Photos by Brian Bloom
For Byron Spruell ’87, ’89MBA, championship rings from two teams he didn’t play for represent defining moments in his athletic and professional life.
The former Notre Dame offensive lineman and co-captain cherishes the 1988 championship ring Lou Holtz gave him, even though he last set foot on the field at Notre Dame Stadium in 1987. The ring was a thank you from Holtz for Spruell’s leadership, for helping lay the foundation that lifted the 1988 team to greatness.
“I don’t wear it, don’t display it,” Spruell says, “but it’s so cherished that I keep it literally in a safe at home.”
He doesn’t even own the second ring. Early in his tenure as the NBA’s president of league operations, he watched his boss, Commissioner Adam Silver, present rings to the 2015-16 NBA champion Cleveland Cavaliers, Spruell’s hometown team.
“It was surreal,” he says of that night in Cleveland in October 2016. “It validated to me this is about purpose, and this is the right place to be at the right time.”
Just how does someone go from the gridiron at Notre Dame to becoming a Swiss Army knife for the NBA, overseeing officiating, rules enforcement, fines and suspensions?
After completing his MBA, Spruell got his first job at a small firm called Peterson Consulting, which led to a position with Deloitte, where he spent about 20 years. He was the chief of staff for Deloitte’s CEO in the United States, Barry Salzberg, and became global managing director of its financial advisory services when Salzberg was named the multinational firm’s top officer.
“Coming into the consulting world, it was instant credibility — coming from Notre Dame with that background,” he says. “All I’ve tried to do is continue to leverage that.”
In 2016, he had dinner with a friend who was involved in the search for a new NBA president. Spruell discussed their conversation with his wife, Sedra ’87, ’89M.S. “She said, ‘Honey, that’s you. You love the game, you love sports. It’s a dream job for you,’” he says.
The job description wasn’t all that different from what Spruell had been doing — building consensus among large groups of people, implementing and overseeing policies and rules, working in international markets to help grow the business — and it turned out that the league was looking for someone from outside the sport to take on the job.
“Because of his experience at Deloitte,” Silver says, “he had done consulting in many different industries where his precise assignment was to come in with an outside perspective and see if there was a better way of doing something that had gone on for a long time.”
One of Spruell’s first days on the job included that ring ceremony in Cleveland. A more typical day involves getting into the NBA’s New York offices around 8 a.m. During the season, he is never really able to stop working. Sometimes he’ll watch games from the NBA’s Replay Center, where multiple screens display games from around the league. When he goes home, he is still monitoring things on the West Coast.
“Generally speaking, I’ll go home and have several screens set up, and I’ll be able to watch my phones as well, just in case any issue pops up.”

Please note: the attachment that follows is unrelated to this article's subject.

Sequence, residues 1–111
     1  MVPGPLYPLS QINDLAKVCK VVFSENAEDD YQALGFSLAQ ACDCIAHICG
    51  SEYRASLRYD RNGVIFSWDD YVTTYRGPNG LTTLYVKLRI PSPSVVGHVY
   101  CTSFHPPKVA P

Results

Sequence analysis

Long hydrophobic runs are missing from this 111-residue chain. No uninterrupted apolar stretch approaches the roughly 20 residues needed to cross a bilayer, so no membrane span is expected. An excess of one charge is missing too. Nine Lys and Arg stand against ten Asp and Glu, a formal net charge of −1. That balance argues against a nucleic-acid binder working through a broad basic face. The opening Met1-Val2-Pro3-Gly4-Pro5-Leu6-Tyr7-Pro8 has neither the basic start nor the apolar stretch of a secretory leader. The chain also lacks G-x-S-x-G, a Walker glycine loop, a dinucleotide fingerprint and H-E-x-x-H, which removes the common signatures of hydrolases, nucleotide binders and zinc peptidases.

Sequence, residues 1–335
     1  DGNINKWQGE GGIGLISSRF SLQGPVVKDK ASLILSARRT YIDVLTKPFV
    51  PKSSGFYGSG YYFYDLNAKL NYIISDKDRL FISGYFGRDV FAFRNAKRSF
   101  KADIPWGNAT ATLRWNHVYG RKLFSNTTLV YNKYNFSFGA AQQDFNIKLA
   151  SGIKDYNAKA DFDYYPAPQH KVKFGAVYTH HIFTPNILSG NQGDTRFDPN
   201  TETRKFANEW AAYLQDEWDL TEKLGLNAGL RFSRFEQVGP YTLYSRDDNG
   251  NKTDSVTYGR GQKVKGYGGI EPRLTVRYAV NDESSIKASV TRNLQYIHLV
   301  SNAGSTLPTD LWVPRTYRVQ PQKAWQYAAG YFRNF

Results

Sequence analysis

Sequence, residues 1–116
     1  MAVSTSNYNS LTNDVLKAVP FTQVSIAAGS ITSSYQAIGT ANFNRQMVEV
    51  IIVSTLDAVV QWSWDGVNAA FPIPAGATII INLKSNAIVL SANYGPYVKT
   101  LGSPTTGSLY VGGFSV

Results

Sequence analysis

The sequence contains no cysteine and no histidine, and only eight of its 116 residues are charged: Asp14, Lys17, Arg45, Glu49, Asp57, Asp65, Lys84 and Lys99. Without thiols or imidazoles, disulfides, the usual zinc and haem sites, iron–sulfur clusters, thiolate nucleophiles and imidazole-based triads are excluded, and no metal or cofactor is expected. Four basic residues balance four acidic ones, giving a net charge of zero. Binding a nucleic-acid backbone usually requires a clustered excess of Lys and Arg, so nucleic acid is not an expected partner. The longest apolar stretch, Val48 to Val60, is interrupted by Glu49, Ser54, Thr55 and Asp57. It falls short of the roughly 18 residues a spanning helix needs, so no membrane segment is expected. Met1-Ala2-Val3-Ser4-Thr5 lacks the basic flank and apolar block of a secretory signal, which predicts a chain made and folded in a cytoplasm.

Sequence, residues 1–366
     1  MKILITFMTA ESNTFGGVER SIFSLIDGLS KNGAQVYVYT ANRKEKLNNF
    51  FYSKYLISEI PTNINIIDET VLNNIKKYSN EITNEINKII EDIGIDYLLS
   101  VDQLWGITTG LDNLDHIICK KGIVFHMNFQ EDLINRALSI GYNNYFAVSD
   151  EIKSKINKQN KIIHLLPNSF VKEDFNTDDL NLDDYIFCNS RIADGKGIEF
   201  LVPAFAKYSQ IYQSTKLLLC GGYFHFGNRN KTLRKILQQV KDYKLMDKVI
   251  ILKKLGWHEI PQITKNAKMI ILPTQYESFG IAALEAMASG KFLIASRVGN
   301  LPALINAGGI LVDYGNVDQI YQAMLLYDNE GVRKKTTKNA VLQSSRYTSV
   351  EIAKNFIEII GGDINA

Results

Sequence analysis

It’s Spruell’s job to ensure the league can respond to any rules or officiating issues — and it seems someone is always griping about the officials. The Houston Rockets audited the calls in their loss to the Golden State Warriors in Game 7 of the 2018 Western Conference Finals, compiling a report that argued the officiating “likely changed the eventual NBA champion.” And during the 2019 playoffs, he suspended Brooklyn Nets general manager Sean Marks for one game and fined him $25,000 for entering the referees’ locker room after a loss to the Philadelphia 76ers.
Beyond the heated topic of officiating, Spruell also has a voice in rules and format changes the league might make in the years ahead. Among the considerations: shorter games and seasons to reduce the physical toll that often causes teams to rest star players for the postseason, and the introduction of in-season tournaments to enhance fan interest. Any such changes, Silver says, would be several years down the road, but this spring Spruell made a presentation to the NBA Board of Governors outlining the possibilities.
His role requires principled conviction — and a thick skin when disagreements arise. Silver, whose sister Ann graduated from Notre Dame’s Law School in 1976, says Spruell’s integrity and relationship-building skills are among his strongest assets.
“From his experience on the field, I can see why he was the co-captain of his squad at Notre Dame. He has inherent leadership abilities,” Silver says. “He’s someone people intrinsically want to follow. Even when we’ve had disagreements in the office among senior management, no one has ever questioned his motivation, no one has ever felt he wasn’t putting his league hat on and putting the greater good of the league before his own interest. I think he’s got broad shoulders.”
In the NBA, 30 teams may have 30 different opinions about a rule change. Someone has to herd those divergent voices into a consensus. For Spruell, that ability comes naturally and distills into basic principles: Listen to your conscience and cultivate trust.
“At the end of the day,” he says, “you go back to what’s right.”
Chris Hine covers the NBA’s Minnesota Timberwolves for the Star-Tribune.